Logansport Pharos-Tribune from Logansport, Indiana on May 23, 1898 · Page 2
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Logansport Pharos-Tribune from Logansport, Indiana · Page 2

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Monday, May 23, 1898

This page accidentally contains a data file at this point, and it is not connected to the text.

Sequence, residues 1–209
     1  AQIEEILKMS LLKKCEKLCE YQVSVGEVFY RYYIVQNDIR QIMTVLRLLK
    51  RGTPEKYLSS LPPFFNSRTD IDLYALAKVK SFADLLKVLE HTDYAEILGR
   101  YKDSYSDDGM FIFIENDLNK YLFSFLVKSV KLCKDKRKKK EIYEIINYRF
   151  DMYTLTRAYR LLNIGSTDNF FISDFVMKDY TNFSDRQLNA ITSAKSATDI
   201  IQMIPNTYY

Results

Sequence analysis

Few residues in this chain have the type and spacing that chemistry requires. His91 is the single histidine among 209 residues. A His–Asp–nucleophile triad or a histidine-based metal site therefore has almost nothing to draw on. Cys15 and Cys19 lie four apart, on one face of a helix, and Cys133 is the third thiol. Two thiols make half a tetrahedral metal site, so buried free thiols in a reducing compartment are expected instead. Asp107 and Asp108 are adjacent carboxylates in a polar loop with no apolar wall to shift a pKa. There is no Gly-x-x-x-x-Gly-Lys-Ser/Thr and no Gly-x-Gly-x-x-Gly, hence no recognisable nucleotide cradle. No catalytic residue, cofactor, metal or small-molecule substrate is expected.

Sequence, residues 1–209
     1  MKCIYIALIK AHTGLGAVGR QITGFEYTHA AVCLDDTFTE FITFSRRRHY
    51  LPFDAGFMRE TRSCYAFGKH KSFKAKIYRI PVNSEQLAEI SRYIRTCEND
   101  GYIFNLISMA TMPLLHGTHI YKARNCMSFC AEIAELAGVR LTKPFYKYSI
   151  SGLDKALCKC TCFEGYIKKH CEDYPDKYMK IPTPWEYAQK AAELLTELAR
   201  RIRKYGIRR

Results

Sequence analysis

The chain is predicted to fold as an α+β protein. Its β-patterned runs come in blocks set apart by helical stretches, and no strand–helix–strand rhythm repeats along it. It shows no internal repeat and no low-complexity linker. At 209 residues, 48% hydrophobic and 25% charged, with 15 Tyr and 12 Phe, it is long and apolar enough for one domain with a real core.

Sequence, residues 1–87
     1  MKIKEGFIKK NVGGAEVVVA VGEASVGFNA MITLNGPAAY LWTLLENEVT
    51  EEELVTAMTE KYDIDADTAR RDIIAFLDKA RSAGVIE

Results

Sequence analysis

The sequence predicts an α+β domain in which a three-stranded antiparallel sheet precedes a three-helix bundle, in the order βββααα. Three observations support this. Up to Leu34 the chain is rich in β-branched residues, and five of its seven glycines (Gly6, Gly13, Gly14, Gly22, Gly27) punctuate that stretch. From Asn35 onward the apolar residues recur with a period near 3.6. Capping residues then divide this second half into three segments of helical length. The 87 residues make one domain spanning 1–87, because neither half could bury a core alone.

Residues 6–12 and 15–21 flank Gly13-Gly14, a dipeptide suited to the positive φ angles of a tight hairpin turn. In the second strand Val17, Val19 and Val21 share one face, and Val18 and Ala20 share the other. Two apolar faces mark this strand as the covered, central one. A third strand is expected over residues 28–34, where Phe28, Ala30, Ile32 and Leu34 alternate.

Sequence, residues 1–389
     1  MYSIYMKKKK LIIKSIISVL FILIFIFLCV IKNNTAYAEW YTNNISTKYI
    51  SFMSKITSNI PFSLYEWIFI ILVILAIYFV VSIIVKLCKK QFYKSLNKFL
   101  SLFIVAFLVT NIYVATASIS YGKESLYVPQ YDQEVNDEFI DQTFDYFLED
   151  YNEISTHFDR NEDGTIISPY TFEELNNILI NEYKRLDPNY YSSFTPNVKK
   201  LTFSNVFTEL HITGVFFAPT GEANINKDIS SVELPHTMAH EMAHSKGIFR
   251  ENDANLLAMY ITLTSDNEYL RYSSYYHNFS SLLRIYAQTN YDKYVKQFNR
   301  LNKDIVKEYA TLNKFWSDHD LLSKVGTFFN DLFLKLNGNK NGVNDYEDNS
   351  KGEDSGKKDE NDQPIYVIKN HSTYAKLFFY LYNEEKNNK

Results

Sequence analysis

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Venezuela Secures the General u Her Counsel Before the Arbitrator*. 1TCLL BE OHIET OF HER LAWYERS. Wbttecapa and Their Deviltries Make Another Appearance—Three Men Whipped _45eu. Wallace Will Write Up the War tor a Xew Tork Paper—Bnal Brith of Blx States 3Ieet» at Fort Wayne —Sunday Bu* Ball Issuy at Indianapolis. Indianapolis, May 23.—A dispatch from Washington stated that General Harrison has been retained by Venezuela as counsel in the boundary dispute before the board of arbitrators. The telegram was verified in this city. It is authoritatively stated by General Harrison's secretary that the ex-president will be the chief counsel for Venezuela in the boundary dispute betweeii that country and Great Britain. This IB the controversy ;hat brought the United States and Great Britain to the verge of war during Cleveland's last term. This phase of it and all things relating te the case General Harrison declines to discuss. lew Wallace a Correspondent. Indianapolis. May 23.—General Lew "Wallace has returned from Washington. He was on his way to the front as a correspondent for a New York paper, but says there is no prospect of an early movement of troops and he returned to await the Invasion of Cuba that •would not occur until fall. He alsostates turn when that occurs. He also states that there will be a second call for troops soon, and that he believes the government will equip a large army to leave just after the rainy reason. Was Disconsolate and Died. Indianapolis, May 23—William Buz- «ard came here from Chicago to work for the Western Paving and Supply company, of Chicago, but when he reported for duty he acted so strangely that the superintendent refused to let Urn go to work. Friday night attention •was directed to his room at the hotel fcy groans and heavy breathing, and he was found in a dying condition. He had taken carbolic add and died In half an hour. • - Police Stopped the Gnme. Indianapolis, May 23. — An attempt •was made by the Indianapolis and Kansas City teams to play ball here yesterday. After two innings had been played all the members of both teams and the umpire were arrested. The Idea is to make a test case of the law. The game •was not advertised, but instead a band concert. OSE KIVAL OUT OF THE RACE. Cowgill Will Not Contest the Nomination witli Steele. Wabash. Ind., May 23.—Carey E. Cowgill, of this city, who has been one of the most prominent rivals of Representative Steele for the Republican nomination in the Eleventh district, publishes a communication in the Wa•bash Plalndealer withdrawing from the race. He assigns as his reasons the pressure of professional business, continued ill health, which has prevented - his giving proper attention to the canvass, and the fact that there are several candidates for other offices from Wabash county. Cowglll had the twenty-two delegates from this county solid for him and a large number of Republicans were going to the Logansport convention this •week to assist him. This withdrawal leaves three candidates—Judge McConnell. of Laeronsport; James F. Stutes- maii, of Peru, and Major Steele, of • Marion—in the race. ANOTHER OUTRAGE BY WHITECAPS. •uperintendency of the Kokomc school* and Professor H. G. Woody, of Kokomo, has been elected superintendent of the Greencastle schools. The men have b*en each in their positions for about ten years, and the exchange is made by mutual agreement between them. Fell Down Stalrt and Died. Indianapolis, May 23,-Early Saturday morning Colonel J. H. Shannon, formerly of Chicago, was found lying dead in the White Ribbon hotel. He had fallen down stairs after midnight and killed himself. A letter was found on him from his daughter, Mrs.L. P. Major, 312 Baird avenue, Austin. Ills. Death of Judge Win. Mack, Terre Haute, Ind.,- May 23.—Judge William Mack, speaker of the Indiana house in 1873. judge of the circuit court from 1S84 to 1890, prominent in Indiana affairs of the Episcopal church and chancellor of the diocese, died Thursday night of paralysis, aged 71. Her Affections Went at J5.OOO. Shelbyville, Ind., May 23.-The sensational $10,000 damage suit of Henry Taylor vs. H. P. Gordon for alienation of "Mrs. Taylor's affections was compromised, the plaintiff receiving $5,000. Henry Mcsker Commits Suicide. Evansville. Ind., May 23. — Henry Mesker committed suicide by shooting himself. Ill health and business reverses are given as the causes. COLLISION"ON^THE VANDALIA Four Men Sent to Eternity and a Score of Others Wownclcd. St. Louis, May 23.—A construction train and a special bearing officials of the road collided on the Vandalla at 12:10 o'clock p. m. Saturday two and a half miles east of Collinsville, Ills., between Formosa and Canteen. Two men on the construction train were killed outright, another died a few minutes later and the fourth late in the afternoon. Twenty others were injured. The dead are: William Montgomery; James Pope, Efflngham, Ills.; John Martini, Collinsville, Ills.; Charles Crlllon, Smithboro, Ills. The injured are as follows: John Klike, John R. Ross, John McCabe, Charles Thoroason, Matthew Maloney, John Hospick, Louis Sauser, John Du- ponal, James Jones, C. E. Bronzer, J. F. Davis. Casper Osborn, R. J. Guiott, Henry Brunkhurst, John A. Craig, W. 8. Borror, J. T. Blair, John Duhammer, Charles Brown and J. W. Coffey. The first five are seriously injured. CUBAN FACTS IN BRIEF. Interesting Items About Pearl of the Antilles, the HEB PEOPLE AM) SEE PKODUOTS. All About the Principal Cities, the Rainy Season, the Deadly Machete, the Yellow Fever, the ReTolntioniatg and Their Great Stmegle For Liberty. Cuba from east to -west is 760 miles long. Its width varies from 20 to ]35 miles. The island, with its dependencies, contains 47,278 square miles. The entire coast line is 2,200 miles in extent. The Cubans are the planters of the island. The Spaniards, usually government officials or traders, live in the cities. In the interior all Spaniards are known as Catalans. The rainy season in Cuba begins in May or June and ends in November. The most rain falls in September and October. The average number of rainy days in a year is 102. Thongh tropical, the Cnban climate is an equable one. The thermometer never rises so high as it sometimes does in .New York, and sunstrokes are unknown. Mountain chains extend from east to wes^ throughout the whole length of the island. Between the mountains and the coast low tracts usually intervene which in wet weather are over0owed aiid are almost impassable. Cuba has 260 rivers, all small. In the low coast lands both north and south are extensive swamps. Yellow fever prevails each year in the seaport cities of Cuba, beginning toward the end of June and disappearing in September. Foreigners only are attacked by the dieeaso. THE NAVAL RESERVES. Ko L»bl>«rf They, but Seamen Bold, Qnlek to .Jump at Duty's Call. The readiness, good discipline and seamanship of the New York naval militia were well illustrated in the prompt, ness with which a detachment of 80 men went to Philadelphia, manned the monitor Nahaat and brought her to New York for the defense of the harbor. These qualities were again illustrated when the call was made for a ship's company for the auxiliary cruiser Yankee. The entire contingent, from first lieutenant to landsman, embracing 195 men, was at once supplied from the New York reserve. The Louisiana uaval reserve has furnished a crew of nine officers and 95 men for the monitor Passaic, which is to defend, the harbor of Port Royal, S. C. The reserve has been called on to sup ply 1,100 men for manning the 32 gunboats, patrol boats and torpedo boats employed in the gulf service, and it announces that it will be able to meet the requisition. The first attempt made in the Dnited States to establish a naval reserve was in 1850, when President Fillmore drafted a bill providing for a reserve of 50,000 men. Nothing came of the measure. As early as 1SS5 every country in Europe had a uaval reserve. England then had its royal naval reserve of 20.000 officers and men and its royal uaval artillery volunteers of over 2,000 officers and men. It was through the efforts of Lieuten. ant J. C. Soley, a retired officer of the United States navy, that the naval reserve was first established in the United States. Under authority of the Massachusetts legislature he organized a n&- val battalion in 1890. New York was the next stats to organize a naval reserve. There are naval reserve organizations in 16 states, with a membership of nearly 5,000 men, which could readily be increased to 20,000. The trained naval reserve man is a THE GRAPE BERRY MOTH. A Widely Distributed Pert Which. Damage* the Klpeninr Grape*. AB grape berries become full grown and begin to ripen many of them will often be observed to be discolored, and if these be examined a burrow -will be When the Facte m Bnmgkt Hw« to •»and bj Our Jieijckbm T«»— Tfcej are L*gu*p«t Facto. Three Men Whipped Because They Are Alleged To Be Luzy. Bloomlngton, Ind., May 23.—Word has Just been received here of another rajd by whitecaps in the southeastern part of the county one night recently. Jacob Todd. who lives near Cutright's bridge, •was taken from his home and severely •whipped by fifteen masked men. The door was broken open and Todd. who •was in bed. was wrapped in'a blanket and carried out. The same party then visited another place in the neighborhood, where they whipped Horner Howard and Peter Chambers. The victims claim they know the men. The cause given for the •whipping was that the men would not •work. At Ihe last terra of court nine men' were acquitted on the charge of •whitecapping, not far from the scene of this raid. MEETING OF THE BXAI BKITH. 100 Delegates Prcnent from Six States and New Mexico. Fort Wayne. Ind.. May 23.—The Independent Order of Bnai Brith, of the Second district, began its annual session here yesterday. Nearly 100 delegates are present from the district •which comprises Ohio. Indiana, Kentucky, Missouri. Kansas, Colorado and New Mexico. The report on the asyluir at Cleveland, in which 500 orphans are •cared for, shows that there has not been a death in the institution 1'or three years. The most important part, of the proceedings was the decision to transfer the title of the real estate belonging to the institution to a recently incorporated company. Title lias heretofore been held by the grandjodgg. F»ll» Into a Well to Death. Martinsville, Ind., May 23.—Edward, the IS-year-old son of Mr. and Mrs. "Wesley" Brown, of Harrison township, fell through a defective covering into the well and was instantly killed while sit play with his little cousin. The boy's iead struck a stone in the descent and •was under the water when his body twas reached. Insurance of Volunteers I* Safe. Vincennes, Ind., May 23.—The board of supreme officers of the Roman Catholic Kniehts of America in session here adopted resolutions to continue the protection of its order over members who volunteer. Professors Chance Places. Qreencastle, Ind., May 23.—Professor JL A- Off, superintendent of tbe Green- «Mtle ichoolB, na» been elected te the Scores on tlie Ball Ground. Chicago, May '23.— Following are Saturday's League base ball records: At Cleveland—Philadelphia 2, Cleveland 5; (second game) Philadelphia 0, Cleveland 3; at St. Louis—New Tork 5, St. Louis 14- at Cincinnati—Boston 4, Cincinnati 3;'at Chicago—Washington 3, Chicago 8' at Pittsburg- and Louisville — Wet grounds. (Sunday) At St. Louis—New Tork 10, St. Louis 5; at Cincinnati— Pittsburg 0, Cincinnati 2; at Louisville —Brooklyn 0, Louisville 3; (second game) Brooklyn 2, Louisville 7; at Chicago—Washington 3, Chicago 16. Western . League: At Detroit—St. Paul 12 Detroit 5; mi Columbus—Minneapolis 3, Columbus 12; at Milwaukee —Omaha 1, Milwaukee 3; at Indianapolis—Rain. (Sunday) • At Milwaukee- Omaha 6, Milwaukee 11; at Columbus- Minneapolis 7, Columbus 12; at Indian a pol i s—T*ie_poHce.___ Cyclone Barely Mlsaen I-aCrosse. LaCrosse, Wis., M£y 23.—A cyclone tore up several buildings on the outskirts of the town at 3:30 p. m. Saturday. It headed for the city, but changed its course and only slightly unroofed several houses and carried the roof of a large barn 500 feet, landing it on the roof of a residence. The damage done was confined to half a mile. ABBREVIATED TELEGKAMS. Saturday, May 28, has been fixed for the funeral of Gladstone. More than 500,000 spindles will be idle in Fall River, Mass., this week, caused by the shut-down of mills. Edward S. Worthington, of the -Chicago board of trade firm of Norton & •Worthington, died quite suddenly at that city. John Tiesen, aged 23, cut his throat at Depere. Wis., in a fit of insanity, laboring under the impression that he had to go to war. A big contract for the immediate delivery of 100,000 pounds of Rio coffee for the army has teen awarded to a St. Louis firm. M. Ludy, of New Tork city, shot and fatally wounded his wife at Port Jervis. N. T. He then shot himself, probably fatally. Jealousy. It is learned from good authority at Cleveland that th« Lake Shore has purchased the entire property of the Elkhart and Western road. At Manhattan Beach Sunday the mile national championship for professional bicycle riders was won by Tom Butler, of Detroit. Time. 2:11 2-5. The Secretary of the Navy ajjd Mrs. Long left Washington Saturday evening for Hingrham, Mass., where Mrs, Long will spend the summer. Only one life wa» lost at the fire Friday night at Toledo, O. Two fiermen were severely hurt by a collapsing wall. The dead fireman was O. S. Wills. The Gladstone family has accepted the offer of the government to give the body of Gladstone a state funeral and interment in Westminster abbey. Hon. Reuben P. Cannon, formerly well known throughout Ohio as a leading politician, is dead, aged 79 years. He gave James A. Garfield his start in politics. The gross earnings of eighty American railroads for the first week in May ajgj.ggu.te $7.339.065, an increase compared with corresponding period last y»ar of $747,027. Joseph Beywar, 8 years old. is a coca boy charged with pointing a revolver at Harold M. Swan, while John Vetoll and Carl Johnson, 12 years old, took $6 from Swan. Mrs. Susan A. Glenn, widow of a soldier and mother of a volunteer in the First regiment. District of Columbia volunteers, has resigned her position in the postoffice department to go to the front -with her son. She is 50 years old. GRAPE BERIU- MOTH LARVA ASD PCPA. found eaten through the pulp from the discolored spot and \vitbin it a •whitish larva. These injured berries begin to appear while the fruit is young .and green and as it ripens they increase in number. Frequently several of these discolored and shriveled berries -will be fastened together by silken threads intermixed with the excrement of the larva; and the sticky grape juice. The appearance is not unlike thac of black rot. When full grown, the larva attains a length of about one-third of an inch, and, abandoning the grape, cuts out of a grape leaf a little flap which it folds and fastens with silk, forminc a little oblong case in which it changes to a chrysalis, a little slate colored moth appearing in 10 or 12 days. Our grape berry moth is widely distributed, occurring probably wherever the grape is grown to any extent, from Canada to Florida and westward to California. It attacks all varieties, but is especially destructive to grapes with tender skins and such as grow in compact bunches. It is probably three brooded, except in its mote northern range, the first brood developing on the leaves in May and June, the second brood on green grapes in July, and the third brood on ripening grapes in August and September. The early brood of this insect is so scanty that it is rarely noticed, and hence protective steps are seldom taken. Later in the season it multiplies with great rapidity, and particularly does it become numerous and destructive if grape gathering be deferred until a late period. In a'bulletin of the department of agriculture, from which these facts are learned, • C. H. Marlatt, entomologist, says the use of poisons is not practica- A wholesome suspicion 1» one of out terlttdcsasa people. In mattars worthy of inresaeatlon ire want real, tangible •«•«*» **" warding it. The -work of those we know: the nearby evidence obtainable, are g»u«r*Uy •what we wint. When we Call on a neta-hbor. . a man of business at tnat and say: "You have hid some experience with iO and so what rtoyoa think om? and he answers. "just the the thing, I know, because I have irie<J it,' It goes a long way in helping our decision., This is always the case with Doan's Oiniment, every body who has used it for Hemorrhoidt • or Eczema will tell you it i» just tne thing-. Why? Because it does the work every time,. The proof lies with your neighbor*. M«ny have been cured in Logansport, and are ready to tell you, or en tone inquiring-. Mr.J.A.iMurphyof419 Grove St. ex -Col- lector for Wm. H, Warneld, dealer in furniture and house furnishings, says: "During" the war from the hardships. exposures, lac* of proper food etc ,*I contracted hemorrhoids, which have since caused. memo end of misery. Thuy resisted every treatment I tried. I h»dL often been prevailed to go under an operation but had never cocsented They canned itching, burning and soreness that wag dreadful to • contend with, and the work made my suffering more severe, as I a TO on my feet all day. Ilearaed about Doan's Ointment, and obtained it at B.F. Keesiinps drug store. It gave • me relief as saon as applied, and though I used it under tie most adverse circumstances as it was in the heart of the summer, yet I received promp relief. This ww» so acceptable to one who suffered as 1 did, that 1 take great pleasure in recommending Boan'8 Ointment when ever an opportunity cffers- It is a splendid remedy." Doan's Ointment for Tsale by all dealers. Price 50 cents. Mailed by Foster-Milburn Co., Buffalo. N. T., sole agents for the D. S. Hememior the name Doan't and take no- other. HAVANA'S FLOATING DOCK AND THE ALFONSO XII. [Uncle Sam needs Havana's great floating drydock and will doubtless get it. was onilt in England and towed to Cuba. The cat shows the Spams, the dock. J Alfonso Havana harbor, one of the finest in the world, is entered from the northwest by a channel which is narrow for three-eighths of a mile and then opens into a magnificent bay. For Havana to surrender before a hostile force is not a new experience in its history. In tbe first century of its existence it was repeatedly sacked by pirates and buccaneers, and in 1762 an English squadron under Admiral Pocock bombarded the city and compelled it to capitulate. The revolutionary government of Cuba was organized at Camaguey on Sept. 19, 1895, when a president and vice president were elected and a cabinet formed. The general in chief of the revolutionary army in the field is Maximo Gomez. The lieutenant general is Calixto Garcia. The headquarters of tbe Cuban junta in New York are at No. 56 New street, Manhattan borough. Cuba contains many mineral springs which are famed for their valuable healing properties. Despite its tropical situation the city of Havana is a comfortable place even for summer living. The houses and dress of the people are adapted to secure coolness, and the sea breeze by day and the land breeze fay night gratefully temper tbe heat. Cuba has not been generally known as an iron producing country, yet in several years before the outbreak of her present civil war 500,000 tons of iron ore and 40,000 tons of manganese, amounting to $3,000,000 in value, were The Weather W« May Expect. Washington, M»y 23.—Followiae ar« th* w«ather i»dic»tioas lor twenty-four kenn from S p- m. veswd»y; For Indiaa*, lHin«is and Iowa—Fair and warmer weather: southwesterly-winds. For 5Echig*n—Fair wtathtr, jraceiedby U*ht showers: lijtht wuHtwest- •rly wi»Js. For Wwconnin—Fair amd xvarmsr weatlMr; U(kt wwterly wiad*. ' annually produced for export at the Santiago de Cuba mines at the eastern end of the island. There are more than 200 excellent ports in Cuba. It is little wonder that the Cnban patriot handles the machete well, as he is trained to its use from his earliest boyhood. To the countryman it is ax, jackknife, reaper, cleaver—in short, it rhl fulfills every purpose, great and small, for which a cutting tool is required. In his private quarrels he uses it with deadly effect, and face to face with the Spanish enemy be feels that in his ma- chepe he has a weapon which he knows and -which -will not fail him. The boxes in which the Cuban cigar manufacturers pack their fragrant wares are made from native cedar cut on the mountain slopes. Havana, Matanzas, Santiago—these are the three principal.cities of Cnba in the order of their size and commercial importance. The exports of Santiago, the least at the three, amount in times of peace to $8,000,000 annually. In the western part of the island ii raised the celebrated Vnelta Abago to- kuccv -which ha* no equal in the world. mighty valuable recruit in these days. He is no landlubber, but has bad practical experience on the government ships assigned for the use of the naval militia. He understands elementary navigation, signal work in all its branches, artillery and infantry practice, the laying of submarine-mines aud the manning of tugs and torpedo boats for coast defense. The naval reserve is demonstrating that it is practically a second navy. The drilling, practice and patient learning the ropes during the past seven years are showing their good results in this time of need. THE NATIONAL GUARD. Strength and Equipment of the Soldiers of Oar First Reserve. There are 10,000,000 men liable to military service in the United States. The actual strength of all the state soldiers composing the national guard previous to the recent call by the president for troops was 113,460 men and officers. A special feature of the national guard of New i'ork is the efficiency it has attained in the military sieual and telegraph service. The signal corps attached to a brigade is furnished with all the improved United States army signal kits, field telegraph instruments, field telephones, flash lanterns and heliographs, engineering and electrical in- fitruments. Tbe work of a signal corps in state camp includes besides signaling the study of engineering, including making road maps, field sketching and bridge and signal tower building. The normal strength of the national guard in New York state is 13,285. The number of males in the state liable to military service is 942,750. Next to New York, Pennsylvania is strongest in its national guard, with 8,547 men; Wyoming, with a roll of Miss Lillian Noel has a very sor» hand, from the effects of steam aril— Ing from a hot flat iron she hack thrust into a pall of water to cool. Deafness Cannot be Cured by local applications, because they cannov reach the deseased portion of the ear. There" is only one way to cure Deafness, and tbat iai- by constitutional remedies. Deafness i»>caused by an inflamed condition of themu-- cou» lining of the Eustaohta Tube. Wheaa this tube gets inflamed you have a rumbling" eound or imperfect hearing, and when it is en-; tirely closed Deaf uess is the result, and unlew the inflammation can be taken out and this tub«r restored to ita normal condition, hearlnKwill- 1 be destroyed forever; nine cases out of ten* are caused by catarrh, which is nothing but an Inflamed condition of the mucous surfaces.- We will give One Hundred Dollars for any case of Deafnegs (caused by catarrh) that can* not be cured by Hall's Catarrh Cure. Send forr circular, free. F. J.CHENEY & Co., Toledo, O. Sold by druggists, 75o. Hall's Family Pills ate the best. Miss Ella Worthington, of Terra.- Haute, Is tbe guest of Miss Wise. INJURED GP.APE. ble as a remedy except against the first brood. Bagging as soon as the first grapes set is recommended, but of greater value is the prompt collection and burning of all fallen leaves in an tnmn, thus destroying the hibernating larvse and also the collection and destruction of diseased fruit. Gathering and Packing Prnne*. Prunes intended for shipping green should always be picked in baskets before fully ripe and carefully graded into sizes. For evaporating gather when thoroughly ripe by picking them or shaking trees, going over the orchard several times as they mature. If gathered by shaking,, spread 'sheets under trees, which should be emptied into baskets, handling fruit carefully to avoid breaking the skins, if skins are broken, prunes will drip in drying. Grade into three sizes to insure uniformity in drying and remove leaves, twigs, decaying fruit, etc. Grade again after they are through sweating to sizes indicating number of dried prunes to the pound. Before packing many growers "gloes" or "finish" prunes with glycerin, eta, to improve appearance and prevent their -sticking together, Much fruit is packed in sacks, though it will pay better to pack in boxes, as fruit looks better and does not lo£e weight by drying.—Oregon Experiment Station. Try Graln-O! Try Ask your grocer today to-show you a package of GBAIN-O, the new too* drink that takes the placa of of coffee. Thechlldren may drink, It wltbou*- lojury as well as the adult. All who- try It like it. GEAIN-O has that- rich seal brown of Mocha or JaTa.buti* It !• made *rom pure'grains, and the^ most delicate stomach receives It- without distress. } the price or coffee. 15c and(! 25c per package. Sold by all grocers. Judge M B . Latry was at Pern today on legal business. From the Clerk of the Court Pern, Ind., May 13, 1898 — Charles/ R. Hughes, clerk^of the Miami circuit court of Indiana, recommends*Hood's Sarsaparllla as the.best family . medicine on the market,fand says it has been taken as a blood purifier Int his family 'with most satisfactory results. 345, has the smallest enlistment, while Nevada, with 346 men, goes it one better. Alaska and the Indian Territory have no organized militia. There -were -warm -welcomes in New York city for the up state militia as they passed through the town on their way to Hempstead. Crowds of people at the railway stations and on the streets cheered and waved their hats and shouted -words of encouragement. As the men were ferried to Long Island City the whistle of every tug captain in right sainted them vigorously. A substantial, soldierly set are these men from tip the state now quartered mi; Camp Black. There is lots of fight in them. Many of them s»w active •wric* at Bnfl»lo in th« big strike, •Where they learned to know what camp lift rsally is and how to m«ke the bert at it* hardship*. Fertilizer Fact*. It is a well known fact tliat practically all the mised fertilizers bold in Ohio are made of three materials, tank- age, acid phosphate and muriate of j,-ot- ash. Tankage is a waste product cf tbt great slaughtering establishment?, being the settlings in the tanks in -which the scraps and offal are rendered la extract their grease. These settlings sr. dried and ground into a fine meal, aua either sold direct for fertilizing pnrpose.- or first mixed with other materials. Tankage, like bone meal, is useful as a carrier of both ammonia and phosphoric acid. It differs from bone in carrying ft larger percentage of ammonia (8 to 10) and a smaller proportion of pboe- phoric acid. The"phosphoric acid of both bone and tankage is somewhat dower in action than 7 that of acid phosphate, but when finely ground it soon becomes .available REDUCED FfffiEX To Various Points Via- Pennsylvania Lines. Excursion tickets will be gold via Pennsylvania Lines M indicated in the following para-graphs. Although concwBlons in fare are- authorized for meetings of certain order»,tickets may be obtained by-any person whether * member of the order or Interested in the event Tbe reduced rates will 1>e open to srrerytody. To ColumbUB,3nd.-M»y 16th, 17th and 18tb,. for G- A. K. State Encampment and Woman g- Belief Corps Meeting, good returning until. May 21gt. From point* in Indiana only. To Napervttie. UL. (Burlineton F«j*, w»l Chicago)—May 83d. 24th. 27th and 28th.f or GOT- • man Baptist Annual Meeting: good retorniniT until June 24th, with privilege to extend limit- until June 30th. To Ix)ui»vule. Ky.—June l»thtnd SOlh, for- Jr. 0, T. A. M- National Council Meeting. K«- • turn limit Jnne 26th. To Washington. D.C.—July M. 4th. 5tb andJ 6th. for tbe Kational Bducnttona! Association • Meeting. Good to return July 15th, with priv- aege to eitend:return limit entil August31st To Chicago. Ill—July 12th and Uth, for- Young People's Christian Union, Universal!* Church. Good returning July 2Ut, with., privilege to extend until Aug"** 10til ' by decay in Bulletin, the soil. — Ohio Station SoOce 8f IppUeattM. Notice is hereby given that the nnder8Um«d • will apply to tbe board of oounty ootmniMtoti- ers of Caw county. Indiana, at the June term. 1896, to be begun mnd held at the court house in Logansport, Indiana, oo Monday, June 6,189S. for a lioenw to sell spiDtuoua, rinons and mftlt liquors in IBM qnantltie*. thsjiaqnaitatatinie, and to be drank on tbe premises if hare sold. The place where the sun* are to be soldi* known as Ko. Ilt- front street, and it situated «ath« south twenty-one feet of lot number ndue <») SaJ, B. Siralte'second «d4ttion to to*DM*ort^Ijndt anartnsit tbe bnildlnc tbereo«tr.«UiiaHi-«p4 In > which said liquors are to he-'' J '"'- i ~-~ brick aad »»rtfra»ev08» sto ninety *eet deep «n* fronts alsorivenotJoethat f wiil cprfrtos for fiie pnrflef* of Itetptof •«nd ; 6pst»Jla»r pool tabl«» in rw* room, " . U-we<l-4t, JOHX O'l